The provisions relating to personal information largely replicate, refine, or align with existing provisions and practice, and do not result in any new privacy implications. The relevant personal information is provided directly by the person concerned for the purpose of the proceeding, must be stored and accessed securely by only a small number of specified persons, and may be used only for a small number of specified purposes.

External consultation

3.6. Has there been any external consultation on the policy to be given effect by this Bill, or on a draft of this Bill?


In mid-2018, most policy proposals were tested with a group of key organisations and experts across the sexual violence sector, who were supportive of the proposed amendments. Legal professional organisations were consulted at the same time on the proposals relating to pre-recorded cross-examination and specialist sexual violence training for defence counsel. Strong concerns were expressed by the defence bar, both within and outside Government, about pre-recorded cross-examination.

The Law Commission consulted extensively in developing the recommendations the Bill progresses.

Other testing of proposals

3.7. Have the policy details to be given effect by this Bill been otherwise tested or assessed in any way to ensure the Bill’s provisions are workable and complete? 


The Bill’s policy and drafting has been iteratively tested with prosecution and defence practitioners and courts operational expertise within Government.

Part Four: Significant Legislative Features

Compulsory acquisition of private property

4.1. Does this Bill contain any provisions that could result in the compulsory acquisition of private property?


Charges in the nature of a tax

4.2. Does this Bill create or amend a power to impose a fee, levy or charge in the nature of a tax?


Retrospective effect

4.3. Does this Bill affect rights, freedoms, or impose obligations, retrospectively?


Strict liability or reversal of the usual burden of proof for offences

4.4. Does this Bill:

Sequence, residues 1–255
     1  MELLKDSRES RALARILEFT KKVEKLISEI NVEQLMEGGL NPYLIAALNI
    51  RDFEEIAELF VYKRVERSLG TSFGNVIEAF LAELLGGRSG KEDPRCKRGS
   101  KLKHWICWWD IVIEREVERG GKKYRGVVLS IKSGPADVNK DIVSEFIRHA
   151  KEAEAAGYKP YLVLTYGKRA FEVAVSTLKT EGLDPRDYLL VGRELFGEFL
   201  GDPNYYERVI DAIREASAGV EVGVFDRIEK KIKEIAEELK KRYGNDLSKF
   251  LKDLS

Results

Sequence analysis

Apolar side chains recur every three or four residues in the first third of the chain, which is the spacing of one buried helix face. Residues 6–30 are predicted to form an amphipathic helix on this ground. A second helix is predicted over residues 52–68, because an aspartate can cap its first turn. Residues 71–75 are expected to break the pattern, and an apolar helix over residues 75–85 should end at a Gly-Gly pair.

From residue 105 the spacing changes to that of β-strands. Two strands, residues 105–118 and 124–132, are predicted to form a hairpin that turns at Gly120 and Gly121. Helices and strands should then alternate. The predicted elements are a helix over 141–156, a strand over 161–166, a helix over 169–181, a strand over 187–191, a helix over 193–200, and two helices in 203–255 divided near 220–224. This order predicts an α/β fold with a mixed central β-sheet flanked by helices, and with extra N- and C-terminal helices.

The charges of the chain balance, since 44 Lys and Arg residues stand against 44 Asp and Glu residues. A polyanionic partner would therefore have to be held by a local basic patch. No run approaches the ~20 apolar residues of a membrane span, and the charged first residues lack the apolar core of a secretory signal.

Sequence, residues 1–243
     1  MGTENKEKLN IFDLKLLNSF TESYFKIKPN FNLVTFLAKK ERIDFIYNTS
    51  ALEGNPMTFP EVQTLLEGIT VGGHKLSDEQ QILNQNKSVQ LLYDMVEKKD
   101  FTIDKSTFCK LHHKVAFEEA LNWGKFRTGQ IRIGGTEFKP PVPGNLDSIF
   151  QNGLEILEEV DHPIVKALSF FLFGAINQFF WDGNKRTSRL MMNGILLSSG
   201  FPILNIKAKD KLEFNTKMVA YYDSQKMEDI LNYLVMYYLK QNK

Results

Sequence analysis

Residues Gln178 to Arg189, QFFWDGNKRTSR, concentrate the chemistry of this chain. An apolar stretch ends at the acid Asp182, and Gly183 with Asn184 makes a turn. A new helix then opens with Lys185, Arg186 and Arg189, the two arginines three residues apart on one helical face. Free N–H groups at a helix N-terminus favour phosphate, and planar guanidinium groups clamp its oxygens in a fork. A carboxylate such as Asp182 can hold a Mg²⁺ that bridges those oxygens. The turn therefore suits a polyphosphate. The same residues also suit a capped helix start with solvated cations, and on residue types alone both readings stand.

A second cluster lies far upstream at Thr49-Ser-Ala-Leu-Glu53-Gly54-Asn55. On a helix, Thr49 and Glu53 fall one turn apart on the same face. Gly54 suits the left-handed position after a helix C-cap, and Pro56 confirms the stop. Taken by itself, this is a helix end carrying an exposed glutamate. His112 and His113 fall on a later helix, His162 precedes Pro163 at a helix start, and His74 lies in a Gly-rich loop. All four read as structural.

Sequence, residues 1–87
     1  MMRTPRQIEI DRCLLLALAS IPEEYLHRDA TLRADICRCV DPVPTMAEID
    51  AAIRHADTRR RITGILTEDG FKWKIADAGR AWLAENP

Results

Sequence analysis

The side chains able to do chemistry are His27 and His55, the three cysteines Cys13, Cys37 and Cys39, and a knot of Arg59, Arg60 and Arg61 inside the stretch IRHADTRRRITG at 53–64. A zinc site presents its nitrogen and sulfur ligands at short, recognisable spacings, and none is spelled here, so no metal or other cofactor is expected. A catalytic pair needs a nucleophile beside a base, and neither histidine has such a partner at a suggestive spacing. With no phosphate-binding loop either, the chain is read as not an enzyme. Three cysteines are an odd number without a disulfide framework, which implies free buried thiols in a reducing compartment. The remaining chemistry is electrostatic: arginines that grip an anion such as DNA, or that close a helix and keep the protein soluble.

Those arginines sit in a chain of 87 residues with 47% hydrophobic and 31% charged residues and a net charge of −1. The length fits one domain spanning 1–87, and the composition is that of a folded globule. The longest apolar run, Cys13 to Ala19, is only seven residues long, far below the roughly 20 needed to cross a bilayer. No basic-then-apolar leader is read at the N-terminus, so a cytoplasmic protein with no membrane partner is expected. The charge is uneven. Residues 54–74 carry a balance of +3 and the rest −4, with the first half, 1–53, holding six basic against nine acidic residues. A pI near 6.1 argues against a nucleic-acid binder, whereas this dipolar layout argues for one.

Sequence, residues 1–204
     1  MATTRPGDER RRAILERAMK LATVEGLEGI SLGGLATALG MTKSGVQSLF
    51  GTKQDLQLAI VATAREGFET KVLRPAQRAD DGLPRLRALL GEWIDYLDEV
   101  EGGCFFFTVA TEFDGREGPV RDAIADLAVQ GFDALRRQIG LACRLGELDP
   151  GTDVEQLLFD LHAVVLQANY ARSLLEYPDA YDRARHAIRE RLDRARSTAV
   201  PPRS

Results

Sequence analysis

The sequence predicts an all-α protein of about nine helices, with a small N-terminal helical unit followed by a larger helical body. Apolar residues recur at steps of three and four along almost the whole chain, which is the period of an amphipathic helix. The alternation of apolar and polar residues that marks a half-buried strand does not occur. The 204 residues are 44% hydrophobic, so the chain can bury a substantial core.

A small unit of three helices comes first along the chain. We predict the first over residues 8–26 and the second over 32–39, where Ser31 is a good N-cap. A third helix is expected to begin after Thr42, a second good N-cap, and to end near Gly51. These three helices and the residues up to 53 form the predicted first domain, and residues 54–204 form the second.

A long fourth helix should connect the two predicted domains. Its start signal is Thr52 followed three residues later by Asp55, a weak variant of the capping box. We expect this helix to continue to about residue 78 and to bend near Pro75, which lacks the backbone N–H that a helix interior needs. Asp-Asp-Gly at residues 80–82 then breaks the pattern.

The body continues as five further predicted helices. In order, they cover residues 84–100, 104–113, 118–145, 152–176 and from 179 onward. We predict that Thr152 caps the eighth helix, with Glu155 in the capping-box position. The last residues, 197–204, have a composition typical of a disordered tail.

(a)   create or amend a strict or absolute liability offence?


(b)   reverse or modify the usual burden of proof for an offence or a civil pecuniary penalty proceeding?


As indicated in section 3.4 above, the Bill modifies and consolidates offences for dealing with video evidence other than in accordance with legislation. These offences are strict liability offences. Strict liability is necessary to encourage active compliance with the regulatory regime governing video evidence to the greatest extent possible, and to reflect that the harm the offences seek to prevent is not mitigated by a lack of intent.

Civil or criminal immunity

4.5. Does this Bill create or amend a civil or criminal immunity for any person?


Significant decision-making powers

4.6. Does this Bill create or amend a decision-making power to make a determination about a person’s rights, obligations, or interests protected or recognised by law, and that could have a significant impact on those rights, obligations, or interests?


Several elements of the Bill modify what and how evidence may be presented in both criminal trials and civil cases. These provisions may be seen to involve determinations about a person’s rights and interests, for example minimum standards of criminal procedure or natural justice rights to test evidence and present a defence.

The decision-making powers in question are exercised by or under the supervision of a judge, who is bound to observe the principles of justice and rule of law. More specifically, the relevant provisions are explicit in their deference to the interests of justice and/or rights to a fair trial, and contain safeguards preserving natural justice and procedural fairness that are tailored to the determination in question.

Powers to make delegated legislation

4.7. Does this Bill create or amend a power to make delegated legislation that could amend an Act, define the meaning of a term in an Act, or grant an exemption from an Act or delegated legislation?



4.8. Does this Bill create or amend any other powers to make delegated legislation?


The SOP includes minor changes to the regulation-making powers in the Evidence Act 2006. These changes:

  • modernise terminology relating to video evidence
  • clarify the scope of the powers, and
  • remove the power to create offences for mishandling video evidence, as the offences will instead be fully housed within the Act (see section 3.4 above).

Any other unusual provisions or features

4.9. Does this Bill contain any provisions (other than those noted above) that are unusual or call for special comment?